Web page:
The head of a Brooklyn ambulance company said Tuesday that the president of Starbucks has personally apologized after rescue workers in New York were forced to pay a Starbucks shop $130 for water to treat victims of the terrorist attack.
Midwood Ambulance Service President Al Rapisarda said he received a hand-delivered reimbursement check — and a personal call from Starbucks president Orin Smith — after reports of the incident became public.
"It was a misunderstanding with Starbucks," Rapisarda said after talking to Smith.
Midwood Ambulance Service alerted Starbucks to the incident in an e-mail, which was obtained by the Seattle Post-Intelligencer.
Smith said Tuesday he did not know why the coffee shop near the World Trade Center towers charged the rescue workers.
"It's totally inconsistent with the kind of behavior we would have expected from our people, so it has been very upsetting to learn of this," Smith said in an interview with The Associated Press.
Shortly after the Sept. 11 attack, rescue workers rushed into a nearby Starbucks store to get water to treat shock victims, Rapisarda said. Ambulance company workers said employees in the shop demanded they pay $130 for three cases of bottled water. The workers paid cash, out of their own pockets.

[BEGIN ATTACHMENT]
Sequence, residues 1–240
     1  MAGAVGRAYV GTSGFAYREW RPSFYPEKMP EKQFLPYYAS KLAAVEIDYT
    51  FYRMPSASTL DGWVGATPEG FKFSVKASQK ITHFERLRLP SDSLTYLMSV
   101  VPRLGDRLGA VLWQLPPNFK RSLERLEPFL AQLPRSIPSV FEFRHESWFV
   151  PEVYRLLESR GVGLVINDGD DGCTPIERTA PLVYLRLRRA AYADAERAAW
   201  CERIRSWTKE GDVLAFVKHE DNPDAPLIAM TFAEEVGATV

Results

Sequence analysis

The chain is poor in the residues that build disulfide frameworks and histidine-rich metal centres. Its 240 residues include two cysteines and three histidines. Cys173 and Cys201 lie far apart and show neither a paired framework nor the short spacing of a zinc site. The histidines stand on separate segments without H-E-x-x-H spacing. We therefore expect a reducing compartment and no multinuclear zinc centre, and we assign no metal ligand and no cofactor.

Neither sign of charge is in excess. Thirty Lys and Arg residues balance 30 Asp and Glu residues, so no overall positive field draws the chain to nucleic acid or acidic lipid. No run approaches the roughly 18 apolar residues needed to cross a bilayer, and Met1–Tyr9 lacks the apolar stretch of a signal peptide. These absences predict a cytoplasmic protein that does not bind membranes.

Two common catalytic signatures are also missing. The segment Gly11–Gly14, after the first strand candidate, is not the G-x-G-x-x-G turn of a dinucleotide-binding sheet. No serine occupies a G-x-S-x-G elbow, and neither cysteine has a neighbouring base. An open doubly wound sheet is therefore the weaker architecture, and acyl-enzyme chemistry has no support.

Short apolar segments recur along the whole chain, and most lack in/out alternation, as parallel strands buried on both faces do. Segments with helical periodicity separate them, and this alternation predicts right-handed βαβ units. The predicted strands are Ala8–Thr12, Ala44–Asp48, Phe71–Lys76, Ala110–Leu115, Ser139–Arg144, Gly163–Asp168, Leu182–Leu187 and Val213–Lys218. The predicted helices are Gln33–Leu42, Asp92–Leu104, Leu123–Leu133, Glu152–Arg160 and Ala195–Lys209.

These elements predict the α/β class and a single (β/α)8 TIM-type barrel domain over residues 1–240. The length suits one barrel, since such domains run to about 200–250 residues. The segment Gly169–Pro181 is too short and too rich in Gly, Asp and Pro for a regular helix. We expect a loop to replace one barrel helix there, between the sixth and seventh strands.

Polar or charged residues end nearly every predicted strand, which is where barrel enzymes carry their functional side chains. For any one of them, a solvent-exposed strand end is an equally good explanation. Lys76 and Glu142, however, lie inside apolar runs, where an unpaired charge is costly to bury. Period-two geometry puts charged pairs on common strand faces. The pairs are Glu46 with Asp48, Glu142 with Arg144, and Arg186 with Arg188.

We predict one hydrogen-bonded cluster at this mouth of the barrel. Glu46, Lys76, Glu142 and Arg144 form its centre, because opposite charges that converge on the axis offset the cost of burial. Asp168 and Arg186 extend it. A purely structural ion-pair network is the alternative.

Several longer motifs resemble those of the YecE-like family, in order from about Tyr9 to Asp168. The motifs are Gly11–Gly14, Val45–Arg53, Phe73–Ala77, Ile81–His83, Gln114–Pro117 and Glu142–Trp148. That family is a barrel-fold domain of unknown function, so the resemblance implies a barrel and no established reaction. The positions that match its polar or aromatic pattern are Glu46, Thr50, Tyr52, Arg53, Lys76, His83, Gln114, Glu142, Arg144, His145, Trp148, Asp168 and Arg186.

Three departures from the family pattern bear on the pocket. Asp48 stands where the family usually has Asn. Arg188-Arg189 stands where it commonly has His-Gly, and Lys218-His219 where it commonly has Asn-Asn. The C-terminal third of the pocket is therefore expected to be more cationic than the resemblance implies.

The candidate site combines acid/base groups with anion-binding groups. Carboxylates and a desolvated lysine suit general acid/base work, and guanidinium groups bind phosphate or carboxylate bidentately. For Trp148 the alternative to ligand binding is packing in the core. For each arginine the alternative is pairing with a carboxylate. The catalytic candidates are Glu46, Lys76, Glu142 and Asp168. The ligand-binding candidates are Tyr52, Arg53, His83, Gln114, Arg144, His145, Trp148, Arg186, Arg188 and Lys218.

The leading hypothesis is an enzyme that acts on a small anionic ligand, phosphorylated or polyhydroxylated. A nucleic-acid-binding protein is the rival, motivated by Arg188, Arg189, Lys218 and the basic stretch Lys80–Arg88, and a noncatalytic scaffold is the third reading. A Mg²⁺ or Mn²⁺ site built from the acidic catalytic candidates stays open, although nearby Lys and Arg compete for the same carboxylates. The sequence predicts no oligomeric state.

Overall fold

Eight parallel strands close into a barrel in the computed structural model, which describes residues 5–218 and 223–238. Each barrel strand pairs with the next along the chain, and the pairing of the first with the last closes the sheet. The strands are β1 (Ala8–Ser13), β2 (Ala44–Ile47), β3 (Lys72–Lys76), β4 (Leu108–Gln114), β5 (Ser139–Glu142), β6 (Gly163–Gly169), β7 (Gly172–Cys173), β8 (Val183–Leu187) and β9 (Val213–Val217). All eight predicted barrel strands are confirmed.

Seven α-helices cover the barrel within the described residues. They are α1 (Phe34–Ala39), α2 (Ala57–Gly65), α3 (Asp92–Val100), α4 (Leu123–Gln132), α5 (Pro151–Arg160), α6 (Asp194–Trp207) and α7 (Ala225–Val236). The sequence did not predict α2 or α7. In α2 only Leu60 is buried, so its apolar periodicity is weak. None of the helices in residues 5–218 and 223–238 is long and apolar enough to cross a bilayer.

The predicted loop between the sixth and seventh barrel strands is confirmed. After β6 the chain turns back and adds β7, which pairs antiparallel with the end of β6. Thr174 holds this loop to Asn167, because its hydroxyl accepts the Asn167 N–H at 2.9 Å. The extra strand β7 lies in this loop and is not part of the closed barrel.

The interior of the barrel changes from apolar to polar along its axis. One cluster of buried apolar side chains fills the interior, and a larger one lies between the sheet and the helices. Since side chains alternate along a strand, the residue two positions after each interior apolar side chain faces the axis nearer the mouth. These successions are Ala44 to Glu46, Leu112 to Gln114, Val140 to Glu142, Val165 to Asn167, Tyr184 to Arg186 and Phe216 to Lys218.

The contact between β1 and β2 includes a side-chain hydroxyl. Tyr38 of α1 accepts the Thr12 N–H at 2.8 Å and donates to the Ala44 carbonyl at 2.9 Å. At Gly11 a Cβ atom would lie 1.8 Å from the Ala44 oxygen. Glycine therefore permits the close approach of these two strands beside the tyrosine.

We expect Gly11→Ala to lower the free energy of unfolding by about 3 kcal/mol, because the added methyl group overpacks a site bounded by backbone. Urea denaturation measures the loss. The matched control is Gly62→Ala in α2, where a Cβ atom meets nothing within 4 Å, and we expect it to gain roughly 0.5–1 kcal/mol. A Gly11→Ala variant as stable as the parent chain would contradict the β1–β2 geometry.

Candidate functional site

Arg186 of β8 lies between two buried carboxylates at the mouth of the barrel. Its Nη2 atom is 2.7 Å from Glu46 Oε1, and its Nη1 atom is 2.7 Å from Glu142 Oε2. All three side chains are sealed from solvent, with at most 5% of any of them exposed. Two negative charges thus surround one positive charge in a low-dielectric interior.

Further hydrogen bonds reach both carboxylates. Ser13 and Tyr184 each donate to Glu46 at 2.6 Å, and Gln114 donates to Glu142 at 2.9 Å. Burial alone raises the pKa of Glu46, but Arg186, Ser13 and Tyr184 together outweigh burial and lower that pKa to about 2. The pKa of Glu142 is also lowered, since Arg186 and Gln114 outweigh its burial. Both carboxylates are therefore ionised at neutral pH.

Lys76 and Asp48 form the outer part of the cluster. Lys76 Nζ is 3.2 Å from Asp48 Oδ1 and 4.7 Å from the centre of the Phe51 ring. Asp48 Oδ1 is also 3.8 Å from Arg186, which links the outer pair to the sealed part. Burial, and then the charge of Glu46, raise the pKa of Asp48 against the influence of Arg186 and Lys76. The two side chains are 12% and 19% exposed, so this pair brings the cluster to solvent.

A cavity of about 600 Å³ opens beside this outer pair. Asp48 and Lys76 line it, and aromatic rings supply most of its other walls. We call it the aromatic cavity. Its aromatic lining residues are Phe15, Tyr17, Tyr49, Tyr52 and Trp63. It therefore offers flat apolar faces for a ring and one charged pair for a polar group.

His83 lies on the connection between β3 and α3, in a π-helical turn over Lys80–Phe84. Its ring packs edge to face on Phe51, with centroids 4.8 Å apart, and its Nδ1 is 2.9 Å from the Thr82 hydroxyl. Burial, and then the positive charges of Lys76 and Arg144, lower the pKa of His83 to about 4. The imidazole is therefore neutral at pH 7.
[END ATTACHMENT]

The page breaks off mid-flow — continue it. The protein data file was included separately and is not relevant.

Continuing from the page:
Reached by telephone, the manager of the shop, the Battery Park Plaza Starbucks, declined to comment.
Rapisarda said he was happy with Starbucks' conciliatory gestures, which Smith said included free coffee and other gifts.
"It's not a big deal anymore," Rapisarda said.
Starbucks closed stores nationwide for a day after the attacks, although the company said several stores near the World Trade Center and New York City hospitals served coffee — and water — to rescue workers for free.
He said the company also has donated coffee and other services throughout New York City since the attacks.